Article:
Segments in this Video

Frederick Douglass (03:01)


Frederick Douglass spoke at an abolitionist event on Nantucket Island in August 1841. He was a fugitive slave and gave the audience a first-hand account of what it was like to be enslaved. He used his speaking and writing abilities to help fight slavery.

Douglass' Childhood (03:18)

Douglas was born into slavery in Talbot County, Maryland. He did know his exact age or his father. He lived with his grandmother Betsy until the age of six when he began work at the main plantation house.

Douglass' Enslavement (04:05)

The main plantation house was Douglass' initiation into slavery. His owner sent him to Baltimore to be a house servant for Hugh and Sophia Auld. After Hugh stopped Sophia from teaching Douglass to read, Douglass sought any knowledge he could.

Douglass and "The Columbian Orator" (02:18)

After teaching himself to read, Douglass often read the "Bible" and "The Columbian Orator." One of the speeches was a dialogue between a slave and his master about freedom. Douglass reflected on his condition as a slave.

Douglass and Edward Covey (03:51)

In 1833, Douglass was sent to a man known for breaking young, enslaved people. It was a turning point for Douglass and after six months of beatings, he defended himself against Covey.

Douglass and Anna Murray (05:24)

After an escape attempt, Douglass went to Baltimore to work as a caulker. He met Anna Murray, a free woman, through the AME Church. With her help, Douglass disguised himself as a free man and took a train to New York, where they got married.

Douglass' New Life (03:56)

Douglass and Murray settled into the free black community in New Bedford. They got to know members of the abolitionist movement, like William Lloyd Garrison. Douglass became a travelling orator and published "Narrative of the Life of Frederick Douglass: An American Slave" in 1845.

Douglass in Great Britain (02:35)

Having outed himself as a fugitive slave in his book, Douglass went abroad. He continued to give speeches and became a global figure within the abolitionist movement. Douglass accepted friends paying for his freedom, so he could return to America.

Douglass and The North Star (04:30)

Douglass wanted to do more than tell his story. He started "The North Star" to create a black voice for abolition. It gave Douglass a platform to voice his own political ideas.

Douglass and Photography (03:20)

Douglass realized the power of photography and capturing what real African Americans were like. He was the most photographed man of the 19th century. He used photography to combat racist stereotypes.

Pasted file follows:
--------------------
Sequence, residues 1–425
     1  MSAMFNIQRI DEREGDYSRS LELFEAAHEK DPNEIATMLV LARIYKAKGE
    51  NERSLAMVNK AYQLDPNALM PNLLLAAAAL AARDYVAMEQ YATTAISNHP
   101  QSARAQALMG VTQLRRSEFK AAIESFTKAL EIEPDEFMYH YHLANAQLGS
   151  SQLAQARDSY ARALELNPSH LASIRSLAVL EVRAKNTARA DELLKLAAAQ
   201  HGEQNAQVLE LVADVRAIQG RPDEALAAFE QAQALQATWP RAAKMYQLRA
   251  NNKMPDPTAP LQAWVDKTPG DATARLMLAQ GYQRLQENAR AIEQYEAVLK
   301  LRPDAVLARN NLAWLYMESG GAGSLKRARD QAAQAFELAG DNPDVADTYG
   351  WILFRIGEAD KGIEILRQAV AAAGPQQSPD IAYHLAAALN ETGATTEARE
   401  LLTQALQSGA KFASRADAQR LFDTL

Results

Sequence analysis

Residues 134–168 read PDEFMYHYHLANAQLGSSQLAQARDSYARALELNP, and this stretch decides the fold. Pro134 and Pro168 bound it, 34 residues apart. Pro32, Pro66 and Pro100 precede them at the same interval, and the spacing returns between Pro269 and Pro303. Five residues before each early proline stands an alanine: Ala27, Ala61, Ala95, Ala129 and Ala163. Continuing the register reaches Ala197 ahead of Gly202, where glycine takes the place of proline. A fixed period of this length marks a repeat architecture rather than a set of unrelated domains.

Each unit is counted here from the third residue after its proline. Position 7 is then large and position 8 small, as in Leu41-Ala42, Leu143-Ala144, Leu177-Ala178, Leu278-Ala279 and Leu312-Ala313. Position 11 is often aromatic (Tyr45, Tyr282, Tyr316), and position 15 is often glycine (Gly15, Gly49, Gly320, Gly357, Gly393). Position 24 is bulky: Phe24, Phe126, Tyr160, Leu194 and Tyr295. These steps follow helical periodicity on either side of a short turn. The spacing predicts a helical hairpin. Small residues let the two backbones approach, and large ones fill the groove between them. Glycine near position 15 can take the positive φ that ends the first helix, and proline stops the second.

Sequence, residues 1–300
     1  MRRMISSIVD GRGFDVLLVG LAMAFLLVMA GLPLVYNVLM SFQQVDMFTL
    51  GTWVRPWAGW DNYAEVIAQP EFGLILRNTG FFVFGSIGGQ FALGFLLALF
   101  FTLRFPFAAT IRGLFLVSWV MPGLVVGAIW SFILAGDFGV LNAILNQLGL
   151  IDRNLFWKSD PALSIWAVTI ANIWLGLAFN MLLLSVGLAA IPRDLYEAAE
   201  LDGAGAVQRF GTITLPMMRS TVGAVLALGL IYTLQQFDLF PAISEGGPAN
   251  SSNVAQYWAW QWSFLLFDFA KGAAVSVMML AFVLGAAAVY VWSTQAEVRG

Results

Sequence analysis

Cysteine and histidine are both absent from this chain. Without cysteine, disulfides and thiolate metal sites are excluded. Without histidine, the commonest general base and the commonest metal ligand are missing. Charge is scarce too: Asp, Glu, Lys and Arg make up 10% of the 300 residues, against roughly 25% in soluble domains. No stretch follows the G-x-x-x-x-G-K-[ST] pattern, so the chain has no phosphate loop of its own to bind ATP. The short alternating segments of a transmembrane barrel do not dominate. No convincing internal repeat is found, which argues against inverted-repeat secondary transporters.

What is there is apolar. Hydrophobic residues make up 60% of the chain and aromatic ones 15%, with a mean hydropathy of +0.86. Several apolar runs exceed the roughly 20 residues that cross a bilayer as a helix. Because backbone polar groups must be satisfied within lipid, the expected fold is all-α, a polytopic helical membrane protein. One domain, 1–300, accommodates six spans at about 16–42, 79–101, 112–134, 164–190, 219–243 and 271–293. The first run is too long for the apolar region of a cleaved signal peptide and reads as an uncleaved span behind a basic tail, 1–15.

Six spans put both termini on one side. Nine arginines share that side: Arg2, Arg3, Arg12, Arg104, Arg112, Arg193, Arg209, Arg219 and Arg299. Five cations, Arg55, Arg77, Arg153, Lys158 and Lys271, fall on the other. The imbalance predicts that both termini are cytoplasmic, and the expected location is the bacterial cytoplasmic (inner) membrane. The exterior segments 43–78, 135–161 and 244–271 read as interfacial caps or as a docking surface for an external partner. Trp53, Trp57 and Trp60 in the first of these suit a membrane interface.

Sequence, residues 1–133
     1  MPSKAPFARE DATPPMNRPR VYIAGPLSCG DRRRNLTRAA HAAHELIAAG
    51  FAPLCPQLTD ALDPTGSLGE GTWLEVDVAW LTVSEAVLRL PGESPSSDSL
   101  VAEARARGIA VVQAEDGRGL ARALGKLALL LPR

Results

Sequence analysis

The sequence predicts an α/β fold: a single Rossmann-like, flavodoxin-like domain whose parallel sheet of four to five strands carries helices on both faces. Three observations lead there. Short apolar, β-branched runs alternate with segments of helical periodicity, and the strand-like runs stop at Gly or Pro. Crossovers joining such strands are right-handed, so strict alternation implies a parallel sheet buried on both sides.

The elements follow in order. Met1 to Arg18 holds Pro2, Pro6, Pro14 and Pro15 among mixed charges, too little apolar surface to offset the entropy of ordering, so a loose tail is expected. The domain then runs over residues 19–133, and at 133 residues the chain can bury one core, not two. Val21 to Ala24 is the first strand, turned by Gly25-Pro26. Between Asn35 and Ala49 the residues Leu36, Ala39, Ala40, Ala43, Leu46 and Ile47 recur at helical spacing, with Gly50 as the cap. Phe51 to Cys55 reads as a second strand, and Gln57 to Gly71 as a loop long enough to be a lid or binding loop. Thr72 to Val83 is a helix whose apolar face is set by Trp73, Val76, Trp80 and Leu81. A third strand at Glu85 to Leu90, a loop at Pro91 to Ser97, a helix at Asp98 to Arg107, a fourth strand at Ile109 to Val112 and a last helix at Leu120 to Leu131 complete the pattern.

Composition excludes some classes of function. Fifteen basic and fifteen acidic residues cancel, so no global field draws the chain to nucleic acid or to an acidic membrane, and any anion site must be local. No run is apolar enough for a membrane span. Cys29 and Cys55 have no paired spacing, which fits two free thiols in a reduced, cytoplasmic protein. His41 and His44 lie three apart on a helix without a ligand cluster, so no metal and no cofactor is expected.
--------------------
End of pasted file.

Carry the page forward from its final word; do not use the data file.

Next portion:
Douglass and the Fugitive Slave Act (04:23)

The Fugitive Slave Act passed in 1850 and made the act of returning escaped slaves a federal issue. Douglass wrote against it in "The North Star" and advocated for violence against slave catchers. Douglass began to believe a war over slavery would occur.

Douglass and Abraham Lincoln (03:08)

Douglass supported Abraham Lincoln, who was the first anti-slavery president but not an abolitionist. When Lincoln called for slavery's end, southern states began succeeding. Douglass saw it as an opportunity to finally end slavery.

Douglass and the Civil War (05:14)

Douglass criticized Lincoln for saying the war was about saving the Union, not ending slavery. Douglass urged Lincoln to permit black men into the Union military through the Emancipation Proclamation.

Douglass and Black Equality (05:00)

Douglass was optimistic about equal rights for black people. He supported Reconstruction and wanted black participation in southern governance.

Credits: "Becoming Frederick Douglass" (00:28)

Credits: "Becoming Frederick Douglass"

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Becoming Frederick Douglass

3-Year Streaming Price: $169.95



Discover how a man born into slavery became one of the most influential voices for democracy U.S. history. A gifted writer and charismatic orator, it is estimated that more Americans heard Douglass speak than any other 19th-century figure — Black or white. Directed by Oscar®-nominated filmmaker Stanley Nelson and Nicole London, the film features the voice of actor Wendell Pierce as Douglass.

Length: 55 minutes

Item#: BVL283066

Copyright date: ©2022

Closed Captioned

Performance Rights

Prices include public performance rights.

Not available to Home Video, Dealer and Publisher customers.